Of course, someone who plans things, those weird, organised planners, probably wouldn’t have this problem. They probably waft through life on a perfect schedule of timed appointments, timed lunches and blissfully long showers, while I find de-stressing solace in four stops on the Circle line.

Wait, so is the tube – unreliable, clunky and expensive as it is – secretly keeping me sane? Now there’s a scary thought…

 

*This one is a worry. Please do tell me in the comments if you can relate to this, or of course anything in this post. Make me feel better. Thanks!

Looking in, or looking out?

Pic: Someecards

A mere few years ago, struggling with anxiety, I read every self-help article going. And, while I can’t remember the details of each and every one, there was a common theme. Look outward, they said. You’ll feel better if you stop over analysing yourself, overthinking everything, and simply look out at what’s around you. Friends, mentors, helping others, travelling, seeing what the world has to offer. There was an overriding theme of self-help: stop being so damn self obsessed and look at the bigger picture.

It’s struck me recently that our culture has moved in the opposite direction. We’re now selfie obsessed instead, constantly looking at ourselves, critiquing ourselves, adding filters to our faces before allowing anyone to see us; health retreats that tell you to look inwards; improving one’s self is about looks, followers, your brand, being strong not skinny, eating the right foods and filming every step you take, being at the latest ‘cool’ place and photographing it in the right way. Turn 30 and you’ll have endless people and articles telling you that this is the decade of being wonderfully selfish, of taking control, of doing what you want and to hell with any kind of people pleasing. While the latter is liberating, and I’ve definitely noticed a difference since turning the big 3-0, I’m not sure it can be so healthy to live in this ‘it’s all about me’ way.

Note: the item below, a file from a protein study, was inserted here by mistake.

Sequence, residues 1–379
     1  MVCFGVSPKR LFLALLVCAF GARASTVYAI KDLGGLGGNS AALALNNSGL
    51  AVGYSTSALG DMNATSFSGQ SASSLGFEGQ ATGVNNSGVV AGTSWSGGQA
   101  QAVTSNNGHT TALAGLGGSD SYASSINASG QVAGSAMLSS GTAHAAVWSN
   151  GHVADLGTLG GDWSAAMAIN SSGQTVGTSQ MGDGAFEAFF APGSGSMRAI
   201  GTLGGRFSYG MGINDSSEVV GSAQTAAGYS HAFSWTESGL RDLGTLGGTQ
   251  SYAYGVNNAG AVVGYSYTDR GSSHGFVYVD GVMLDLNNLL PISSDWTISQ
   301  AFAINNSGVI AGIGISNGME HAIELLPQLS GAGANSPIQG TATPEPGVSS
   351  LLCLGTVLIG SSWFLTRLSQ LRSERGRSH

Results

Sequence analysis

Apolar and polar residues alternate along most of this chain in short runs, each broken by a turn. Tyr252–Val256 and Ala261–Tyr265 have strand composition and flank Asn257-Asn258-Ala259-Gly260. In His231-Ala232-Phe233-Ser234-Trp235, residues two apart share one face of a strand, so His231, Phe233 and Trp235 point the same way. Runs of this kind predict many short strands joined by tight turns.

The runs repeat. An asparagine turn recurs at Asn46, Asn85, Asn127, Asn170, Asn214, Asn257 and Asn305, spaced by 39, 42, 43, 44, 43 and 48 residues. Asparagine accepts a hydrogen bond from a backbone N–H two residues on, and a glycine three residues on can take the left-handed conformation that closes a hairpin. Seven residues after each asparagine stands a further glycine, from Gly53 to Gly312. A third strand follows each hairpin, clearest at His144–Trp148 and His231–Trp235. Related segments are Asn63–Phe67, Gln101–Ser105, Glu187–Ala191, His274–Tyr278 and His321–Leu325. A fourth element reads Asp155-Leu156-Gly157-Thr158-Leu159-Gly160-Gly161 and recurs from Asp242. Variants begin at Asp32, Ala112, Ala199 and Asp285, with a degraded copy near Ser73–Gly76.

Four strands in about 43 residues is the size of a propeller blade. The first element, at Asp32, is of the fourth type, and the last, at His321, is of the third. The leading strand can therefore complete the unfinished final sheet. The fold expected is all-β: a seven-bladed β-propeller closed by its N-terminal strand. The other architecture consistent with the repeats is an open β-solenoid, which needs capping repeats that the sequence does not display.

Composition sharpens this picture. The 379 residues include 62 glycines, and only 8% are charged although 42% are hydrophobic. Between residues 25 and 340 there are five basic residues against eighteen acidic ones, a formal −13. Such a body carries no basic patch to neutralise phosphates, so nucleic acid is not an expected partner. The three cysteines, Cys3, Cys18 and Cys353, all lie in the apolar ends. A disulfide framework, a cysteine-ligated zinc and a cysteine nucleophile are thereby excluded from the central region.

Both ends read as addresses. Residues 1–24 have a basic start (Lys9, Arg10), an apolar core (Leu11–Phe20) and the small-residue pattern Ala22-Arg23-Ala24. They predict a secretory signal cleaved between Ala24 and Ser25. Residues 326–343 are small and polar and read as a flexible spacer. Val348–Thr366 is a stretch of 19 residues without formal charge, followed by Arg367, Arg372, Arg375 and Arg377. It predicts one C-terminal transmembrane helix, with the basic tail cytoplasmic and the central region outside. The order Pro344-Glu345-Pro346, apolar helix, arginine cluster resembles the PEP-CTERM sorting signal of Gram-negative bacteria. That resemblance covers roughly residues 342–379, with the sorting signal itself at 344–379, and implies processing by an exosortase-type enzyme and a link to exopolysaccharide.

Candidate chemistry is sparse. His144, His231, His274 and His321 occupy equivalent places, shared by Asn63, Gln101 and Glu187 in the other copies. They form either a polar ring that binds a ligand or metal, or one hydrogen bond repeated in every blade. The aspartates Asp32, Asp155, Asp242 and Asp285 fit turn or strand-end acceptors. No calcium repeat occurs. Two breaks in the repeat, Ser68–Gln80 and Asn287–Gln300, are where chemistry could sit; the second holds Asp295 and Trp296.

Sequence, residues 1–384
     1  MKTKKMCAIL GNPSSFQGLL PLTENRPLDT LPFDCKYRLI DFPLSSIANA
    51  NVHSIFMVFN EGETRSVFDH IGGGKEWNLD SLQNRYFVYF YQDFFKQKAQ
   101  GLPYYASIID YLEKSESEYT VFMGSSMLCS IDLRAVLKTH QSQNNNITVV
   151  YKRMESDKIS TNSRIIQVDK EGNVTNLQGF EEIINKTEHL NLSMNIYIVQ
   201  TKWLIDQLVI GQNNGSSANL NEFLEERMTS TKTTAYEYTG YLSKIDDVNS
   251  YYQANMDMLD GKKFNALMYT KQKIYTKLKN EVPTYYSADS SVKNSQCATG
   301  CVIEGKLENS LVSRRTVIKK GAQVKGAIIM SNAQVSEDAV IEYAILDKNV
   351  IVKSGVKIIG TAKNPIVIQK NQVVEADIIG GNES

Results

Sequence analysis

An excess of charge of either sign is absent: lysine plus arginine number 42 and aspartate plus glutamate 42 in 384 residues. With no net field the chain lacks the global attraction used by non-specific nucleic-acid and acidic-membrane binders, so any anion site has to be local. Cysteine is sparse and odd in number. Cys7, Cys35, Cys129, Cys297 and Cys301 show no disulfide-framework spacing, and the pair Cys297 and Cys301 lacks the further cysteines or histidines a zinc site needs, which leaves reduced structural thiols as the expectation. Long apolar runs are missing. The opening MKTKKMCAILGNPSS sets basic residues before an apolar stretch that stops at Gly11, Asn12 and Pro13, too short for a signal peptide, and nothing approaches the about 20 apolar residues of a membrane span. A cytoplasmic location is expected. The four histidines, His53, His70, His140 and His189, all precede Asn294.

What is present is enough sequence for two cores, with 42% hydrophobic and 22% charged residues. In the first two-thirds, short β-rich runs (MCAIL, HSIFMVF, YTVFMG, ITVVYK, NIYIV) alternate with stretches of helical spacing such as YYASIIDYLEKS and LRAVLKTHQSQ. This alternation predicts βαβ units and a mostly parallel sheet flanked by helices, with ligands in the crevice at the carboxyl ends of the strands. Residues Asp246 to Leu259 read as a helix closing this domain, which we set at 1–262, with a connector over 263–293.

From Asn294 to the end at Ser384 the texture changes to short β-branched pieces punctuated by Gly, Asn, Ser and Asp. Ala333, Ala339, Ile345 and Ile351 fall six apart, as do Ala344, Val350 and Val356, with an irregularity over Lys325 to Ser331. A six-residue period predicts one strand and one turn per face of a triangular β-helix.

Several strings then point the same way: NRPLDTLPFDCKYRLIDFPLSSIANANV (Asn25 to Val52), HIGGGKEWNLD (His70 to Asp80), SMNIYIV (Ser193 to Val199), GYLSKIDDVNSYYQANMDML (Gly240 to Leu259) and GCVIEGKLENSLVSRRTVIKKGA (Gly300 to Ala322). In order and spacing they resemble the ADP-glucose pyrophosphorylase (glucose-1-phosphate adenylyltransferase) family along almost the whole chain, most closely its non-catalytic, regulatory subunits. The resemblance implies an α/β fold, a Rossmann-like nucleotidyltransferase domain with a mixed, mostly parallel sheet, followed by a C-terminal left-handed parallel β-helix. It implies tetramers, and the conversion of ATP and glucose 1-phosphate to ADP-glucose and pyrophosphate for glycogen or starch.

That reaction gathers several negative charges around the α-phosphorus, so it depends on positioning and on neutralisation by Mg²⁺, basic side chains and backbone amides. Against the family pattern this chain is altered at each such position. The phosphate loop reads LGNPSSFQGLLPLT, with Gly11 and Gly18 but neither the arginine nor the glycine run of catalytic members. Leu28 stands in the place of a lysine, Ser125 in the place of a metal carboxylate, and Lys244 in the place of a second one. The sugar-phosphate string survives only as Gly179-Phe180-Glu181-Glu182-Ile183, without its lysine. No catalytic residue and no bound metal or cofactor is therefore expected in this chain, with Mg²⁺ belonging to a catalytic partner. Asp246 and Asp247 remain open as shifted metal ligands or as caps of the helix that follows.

Don’t get me wrong; I know we have to get to know ourselves, and to move with the times, and I probably sound older than my years already in mourning the past, pre-Instagram Stories and Snap-bloody-everything. But I’d bet money on the rise of this kind of self-promoting, self-obsessing culture being linked to the rise of anxiety and other mental health issues. Though I thought it sounded terribly hippyish at the time, I think those mags and books telling me to look ‘out’ were much more on the money.